In 2011, the elder Barry discussed a scenario with associates in which he would secure reelection in 2012, then step down during the term and pave the way for his son to assume his seat. With Barry’s death, that scenario could come to pass — albeit without Barry around to lay his blessing on Christopher Barry.

Several Barry family associates acknowledged that Christopher Barry would be well-positioned to win should he enter the race. But they also wondered whether a council run would be in the best interest of the younger Barry, who has approached several people close to his father to gauge possible support for a run.

Christopher Barry has struggled in and out of the public eye since the death of his mother, Effi Slaughter Barry, from cancer in 2007. He has been arrested several times in the years since, including for offenses related to drug use.

Besides the loss of his mother and father, the younger Barry also spoke in recent weeks about being deeply affected by the death this month of A.J. Cooper III, 34, an aspiring politician and childhood friend. Christopher Barry stood with Cooper’s family at the John A. Wilson Building on Tuesday as the council honored his memory.

“I don’t want him to make an emotional decision,” said one person close to the family who spoke on the condition of anonymity to discuss sensitive matters.

On Wednesday, just days after his father was buried, Christopher Barry entered a plea deal to resolve charges related to two separate incidents this year in which he was found to be driving on a revoked license. In one instance, he was driving under the influence of drugs or alcohol.

The younger Barry, who owns a small construction company, Efficiency Contractors, named in honor of his mother, was sentenced to nine months of probation for those offenses. Prosecutors declined to pursue charges related to two other arrests this year.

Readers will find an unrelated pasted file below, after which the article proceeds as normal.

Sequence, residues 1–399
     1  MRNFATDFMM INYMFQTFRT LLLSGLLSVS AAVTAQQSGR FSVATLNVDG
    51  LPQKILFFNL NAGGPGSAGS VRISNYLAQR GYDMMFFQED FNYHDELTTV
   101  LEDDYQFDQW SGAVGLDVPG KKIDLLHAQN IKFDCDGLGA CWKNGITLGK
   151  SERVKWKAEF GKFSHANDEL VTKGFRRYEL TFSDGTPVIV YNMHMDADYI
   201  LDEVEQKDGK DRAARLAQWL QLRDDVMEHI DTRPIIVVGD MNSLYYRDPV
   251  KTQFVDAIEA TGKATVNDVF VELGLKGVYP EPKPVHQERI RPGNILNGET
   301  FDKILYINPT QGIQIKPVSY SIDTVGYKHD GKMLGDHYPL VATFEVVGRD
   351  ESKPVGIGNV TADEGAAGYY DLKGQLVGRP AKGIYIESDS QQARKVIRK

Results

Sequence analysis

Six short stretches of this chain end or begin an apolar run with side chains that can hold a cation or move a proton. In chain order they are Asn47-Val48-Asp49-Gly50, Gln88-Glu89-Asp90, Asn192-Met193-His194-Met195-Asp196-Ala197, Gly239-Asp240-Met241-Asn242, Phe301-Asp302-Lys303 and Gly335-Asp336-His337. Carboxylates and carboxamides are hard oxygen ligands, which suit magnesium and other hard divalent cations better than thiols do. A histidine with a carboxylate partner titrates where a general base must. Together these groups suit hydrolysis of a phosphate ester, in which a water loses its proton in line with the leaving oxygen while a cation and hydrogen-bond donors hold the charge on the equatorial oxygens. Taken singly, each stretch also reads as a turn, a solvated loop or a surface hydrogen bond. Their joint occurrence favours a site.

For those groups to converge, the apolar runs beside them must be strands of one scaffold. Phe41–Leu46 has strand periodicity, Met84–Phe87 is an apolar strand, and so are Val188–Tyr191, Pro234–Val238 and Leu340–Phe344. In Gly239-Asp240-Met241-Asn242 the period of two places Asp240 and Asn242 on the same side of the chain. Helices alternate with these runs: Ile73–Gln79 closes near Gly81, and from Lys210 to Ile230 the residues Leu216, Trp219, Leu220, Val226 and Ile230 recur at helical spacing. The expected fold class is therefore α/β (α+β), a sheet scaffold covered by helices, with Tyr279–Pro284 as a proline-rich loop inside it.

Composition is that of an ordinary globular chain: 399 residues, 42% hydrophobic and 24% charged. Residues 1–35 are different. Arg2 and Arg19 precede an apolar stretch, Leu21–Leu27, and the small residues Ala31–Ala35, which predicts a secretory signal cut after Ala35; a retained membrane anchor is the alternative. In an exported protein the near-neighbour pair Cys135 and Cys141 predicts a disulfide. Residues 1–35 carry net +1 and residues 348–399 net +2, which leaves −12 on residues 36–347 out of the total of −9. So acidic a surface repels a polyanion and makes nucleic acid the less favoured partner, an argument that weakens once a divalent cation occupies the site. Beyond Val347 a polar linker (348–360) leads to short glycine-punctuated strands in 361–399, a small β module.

During his father’s funeral events, Christopher Barry hardly cut the figure of a troubled young man struggling with grief and substance abuse.

During the Dec. 5 funeral motorcade, Christopher Barry spent little time inside any of the luxury vehicles driving through the ward on a cold, rainy day — choosing instead to run alongside in his black suit, greeting onlookers and thanking them for their support.

And at the public memorial service the following day, Barry gave well-received remarks remembering a sometimes difficult relationship with his father but also paying tribute to his legacy. He introduced Minister Louis Farrakhan, who in turn gave a blessing to the younger Barry. “What a joy to hear his son speak the way his son spoke,” Farrakhan said.

Later in the service, one of the older Barry’s closest confidants made remarks that could be heard as a call for Christopher Barry to follow in his father’s footsteps.

“Between Christopher and I, he was worried that his father wasn’t of the thought that he was ready to assume the mantle,” lawyer David W. Wilmot said. “After hearing Christopher today, I would submit to you that there is no question that he is indeed ready.”

Wilmot, a prominent city lobbyist, said in an interview that he did not intend his remarks to be interpreted as a comment on Christopher’s political future.

“He has an opportunity right now,” he said. “He has to think in terms of what he wants to do with his life that would honor, expand and advance his father’s legacy. That’s doesn’t necessarily mean serving in office.”